42. Document frequency We will use document frequency (df) to capture this in the score Terms that occur in many documents are weighted less, since overlapping with these terms is very likely • In the extreme case, take a word like the that occurs in EVERY document Terms that occur in only a few documents are weighted more

43. Collection vs. Document frequency The collection frequency of is the number of occurrences in the collection, counting multiple occurrences Example: Which word is a better search term (and should get a higher weight)?

44. Document frequency How does “importance” or “informativeness” relate to document frequency?

45. Inverse document frequency dft is the document frequency of t: the number of documents that contain t • df is a measure of the informativeness of t We define the idf (inverse document frequency) of t by where N is the number of documents in the collection what does the log do?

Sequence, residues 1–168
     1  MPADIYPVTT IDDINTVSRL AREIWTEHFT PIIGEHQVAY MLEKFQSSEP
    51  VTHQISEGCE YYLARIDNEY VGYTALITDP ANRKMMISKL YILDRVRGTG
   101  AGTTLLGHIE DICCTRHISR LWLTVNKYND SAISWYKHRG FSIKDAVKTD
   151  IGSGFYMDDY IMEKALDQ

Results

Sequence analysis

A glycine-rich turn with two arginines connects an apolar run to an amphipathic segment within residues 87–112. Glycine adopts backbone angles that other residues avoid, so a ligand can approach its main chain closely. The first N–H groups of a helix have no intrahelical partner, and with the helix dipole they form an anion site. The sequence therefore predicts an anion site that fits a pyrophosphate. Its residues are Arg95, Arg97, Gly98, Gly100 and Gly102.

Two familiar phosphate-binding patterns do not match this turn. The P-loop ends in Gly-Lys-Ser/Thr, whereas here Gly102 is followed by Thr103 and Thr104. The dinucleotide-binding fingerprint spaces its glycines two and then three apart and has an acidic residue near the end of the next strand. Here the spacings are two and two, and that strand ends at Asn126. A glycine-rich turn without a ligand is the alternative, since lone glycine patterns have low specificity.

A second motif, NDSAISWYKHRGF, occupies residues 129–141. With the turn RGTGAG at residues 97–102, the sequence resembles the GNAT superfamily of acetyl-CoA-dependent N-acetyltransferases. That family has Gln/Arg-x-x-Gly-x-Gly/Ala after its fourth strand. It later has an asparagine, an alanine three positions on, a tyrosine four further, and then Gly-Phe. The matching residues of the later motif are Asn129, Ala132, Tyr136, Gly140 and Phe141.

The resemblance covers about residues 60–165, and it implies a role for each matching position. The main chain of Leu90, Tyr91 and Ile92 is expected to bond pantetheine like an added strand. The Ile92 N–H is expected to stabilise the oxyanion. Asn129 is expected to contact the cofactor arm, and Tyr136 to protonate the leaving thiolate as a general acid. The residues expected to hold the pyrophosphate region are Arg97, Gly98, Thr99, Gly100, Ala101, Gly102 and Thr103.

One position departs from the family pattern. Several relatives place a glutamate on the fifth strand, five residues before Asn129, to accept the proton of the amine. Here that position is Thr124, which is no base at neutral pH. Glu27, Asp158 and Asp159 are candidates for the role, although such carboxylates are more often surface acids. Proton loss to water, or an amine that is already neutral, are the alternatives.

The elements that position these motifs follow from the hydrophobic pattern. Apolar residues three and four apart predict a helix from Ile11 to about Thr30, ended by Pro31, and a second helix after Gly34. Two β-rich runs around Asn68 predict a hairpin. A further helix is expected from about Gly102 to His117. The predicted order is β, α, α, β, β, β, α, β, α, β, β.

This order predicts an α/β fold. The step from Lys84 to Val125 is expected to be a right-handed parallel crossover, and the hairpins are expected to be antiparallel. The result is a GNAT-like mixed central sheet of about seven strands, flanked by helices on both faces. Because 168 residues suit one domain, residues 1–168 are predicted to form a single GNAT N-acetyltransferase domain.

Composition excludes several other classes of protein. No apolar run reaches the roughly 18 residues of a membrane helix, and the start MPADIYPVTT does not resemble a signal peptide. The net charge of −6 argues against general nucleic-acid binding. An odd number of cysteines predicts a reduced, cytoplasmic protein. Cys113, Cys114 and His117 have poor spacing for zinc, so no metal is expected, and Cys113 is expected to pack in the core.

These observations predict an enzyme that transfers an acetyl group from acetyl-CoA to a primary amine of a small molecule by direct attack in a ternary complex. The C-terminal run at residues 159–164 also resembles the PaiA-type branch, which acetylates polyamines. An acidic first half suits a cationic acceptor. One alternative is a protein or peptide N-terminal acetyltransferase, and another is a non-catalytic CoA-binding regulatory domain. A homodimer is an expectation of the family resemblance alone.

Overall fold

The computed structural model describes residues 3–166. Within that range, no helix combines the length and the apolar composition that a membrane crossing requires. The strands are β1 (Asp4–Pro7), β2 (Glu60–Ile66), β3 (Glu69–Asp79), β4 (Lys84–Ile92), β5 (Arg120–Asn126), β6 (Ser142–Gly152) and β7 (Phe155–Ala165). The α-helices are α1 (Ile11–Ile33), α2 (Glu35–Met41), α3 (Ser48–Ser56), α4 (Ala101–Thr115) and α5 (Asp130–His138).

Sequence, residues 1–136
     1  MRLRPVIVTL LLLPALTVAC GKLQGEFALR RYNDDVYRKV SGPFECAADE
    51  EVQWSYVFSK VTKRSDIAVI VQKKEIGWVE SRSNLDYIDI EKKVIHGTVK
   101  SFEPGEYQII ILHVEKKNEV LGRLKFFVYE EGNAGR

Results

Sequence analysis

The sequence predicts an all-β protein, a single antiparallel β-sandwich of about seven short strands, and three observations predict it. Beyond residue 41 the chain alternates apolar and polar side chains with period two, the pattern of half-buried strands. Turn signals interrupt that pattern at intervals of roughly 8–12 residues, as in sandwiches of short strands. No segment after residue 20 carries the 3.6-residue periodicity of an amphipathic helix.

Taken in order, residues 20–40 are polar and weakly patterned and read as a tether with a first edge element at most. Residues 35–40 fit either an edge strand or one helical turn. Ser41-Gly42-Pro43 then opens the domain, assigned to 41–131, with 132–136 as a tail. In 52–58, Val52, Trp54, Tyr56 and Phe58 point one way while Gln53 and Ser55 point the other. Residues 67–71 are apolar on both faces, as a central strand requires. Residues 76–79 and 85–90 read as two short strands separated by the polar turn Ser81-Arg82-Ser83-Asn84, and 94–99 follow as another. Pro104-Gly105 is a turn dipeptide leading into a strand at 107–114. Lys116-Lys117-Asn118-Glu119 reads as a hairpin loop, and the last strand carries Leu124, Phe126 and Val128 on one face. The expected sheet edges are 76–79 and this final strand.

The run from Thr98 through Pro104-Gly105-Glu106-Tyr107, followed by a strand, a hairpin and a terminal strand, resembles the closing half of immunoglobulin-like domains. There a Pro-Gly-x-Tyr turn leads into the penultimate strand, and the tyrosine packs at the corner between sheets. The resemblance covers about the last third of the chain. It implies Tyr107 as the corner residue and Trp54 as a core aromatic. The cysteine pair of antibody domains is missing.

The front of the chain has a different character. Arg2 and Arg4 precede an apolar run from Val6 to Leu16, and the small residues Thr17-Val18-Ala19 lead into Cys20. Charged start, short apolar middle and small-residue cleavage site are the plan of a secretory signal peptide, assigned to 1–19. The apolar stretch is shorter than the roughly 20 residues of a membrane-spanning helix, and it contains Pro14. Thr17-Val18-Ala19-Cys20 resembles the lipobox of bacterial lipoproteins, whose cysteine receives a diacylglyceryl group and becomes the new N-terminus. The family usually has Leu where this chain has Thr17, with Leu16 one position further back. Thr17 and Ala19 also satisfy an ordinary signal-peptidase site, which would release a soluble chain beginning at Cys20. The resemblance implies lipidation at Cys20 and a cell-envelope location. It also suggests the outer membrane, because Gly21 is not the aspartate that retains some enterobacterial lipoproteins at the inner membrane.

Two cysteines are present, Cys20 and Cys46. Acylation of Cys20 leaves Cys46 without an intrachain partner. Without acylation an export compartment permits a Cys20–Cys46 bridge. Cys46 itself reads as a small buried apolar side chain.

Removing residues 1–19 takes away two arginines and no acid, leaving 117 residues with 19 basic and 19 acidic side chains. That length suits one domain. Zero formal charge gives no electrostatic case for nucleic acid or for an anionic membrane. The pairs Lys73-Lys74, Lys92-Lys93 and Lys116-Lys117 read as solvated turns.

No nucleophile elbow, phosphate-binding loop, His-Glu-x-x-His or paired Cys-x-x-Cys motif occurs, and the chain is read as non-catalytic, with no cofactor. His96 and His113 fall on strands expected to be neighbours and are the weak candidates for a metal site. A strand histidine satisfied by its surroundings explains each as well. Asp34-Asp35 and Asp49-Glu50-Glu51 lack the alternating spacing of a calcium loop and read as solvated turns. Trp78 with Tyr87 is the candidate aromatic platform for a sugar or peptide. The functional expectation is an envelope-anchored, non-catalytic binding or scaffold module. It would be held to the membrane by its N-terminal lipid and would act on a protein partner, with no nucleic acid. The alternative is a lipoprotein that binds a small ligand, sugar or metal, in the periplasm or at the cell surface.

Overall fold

46. Inverse document frequency Why do we have N here? normalizes for corpus size: N/dft = proportion of documents containing term t

47. idf example, suppose N= 1 million There is one idf value for each term t in a collection.

48. idf example, suppose N= 1 million What if we didn’t use the log?

49. idf example, suppose N= 1 million The log dampens the scores

50. Putting it all together We have a notion of term frequency overlap We have a notion of term importance We have a similarity measure (cosine similarity) Can we put all of these together? Define a weighting for each term The tf-idf weight of a term is the product of its tf weight and its idfweight